LONDON -- Prince William is giving up his bachelor status to take a bride, but a palace official said Thursday that he will not be wearing a wedding ring.
His fiancee, Kate Middleton, plans to wear a wedding ring made of rare Welsh gold, a long-standing royal family tradition dating back nearly 90 years, after the couple marry on April 29 at Westminster Abbey.
A spokeswoman for Prince William who spoke on condition of anonymity because of palace policy said these decisions represent the royal couple's personal wishes.
She said details about the design of Middleton's wedding ring, and the source of the actual Welsh gold used to fashion it, will be released before the wedding.
Welsh gold, prized for its quality and scarcity, had been used in royal weddings since 1923 and has been worn by Queen Elizabeth II, and the late Princess Diana.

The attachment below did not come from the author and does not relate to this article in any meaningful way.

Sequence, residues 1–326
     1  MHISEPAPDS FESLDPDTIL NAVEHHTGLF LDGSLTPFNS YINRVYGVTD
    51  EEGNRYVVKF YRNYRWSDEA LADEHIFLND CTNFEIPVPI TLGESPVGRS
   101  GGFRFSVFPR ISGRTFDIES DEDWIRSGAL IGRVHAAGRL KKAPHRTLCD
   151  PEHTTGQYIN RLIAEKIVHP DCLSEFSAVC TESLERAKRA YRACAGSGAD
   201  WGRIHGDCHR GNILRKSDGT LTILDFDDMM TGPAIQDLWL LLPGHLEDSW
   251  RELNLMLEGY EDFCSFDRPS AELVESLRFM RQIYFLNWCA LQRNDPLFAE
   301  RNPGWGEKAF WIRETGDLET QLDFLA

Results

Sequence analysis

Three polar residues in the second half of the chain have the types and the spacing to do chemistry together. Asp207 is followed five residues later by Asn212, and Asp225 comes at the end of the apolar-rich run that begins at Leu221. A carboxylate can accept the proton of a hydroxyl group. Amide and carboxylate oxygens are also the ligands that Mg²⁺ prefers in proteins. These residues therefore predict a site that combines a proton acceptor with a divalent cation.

Traditionally gold from a nugget from the Clogau Gold mine was used, but the mine has been closed and only a sliver remains.
However, the British Royal Legion gave the queen a small quantity of Welsh gold in the 1980s for incorporation into wedding rings, and it is possible this may be used, as it was for the 2005 wedding of Prince Charles and Camilla.
Charles wears his ring under his larger signet ring, so many casual observers believe he does not wear a wedding band.
There is still no word about the design of Middleton's wedding dress, or about the menus and wine selection for the two receptions that will follow the ceremony.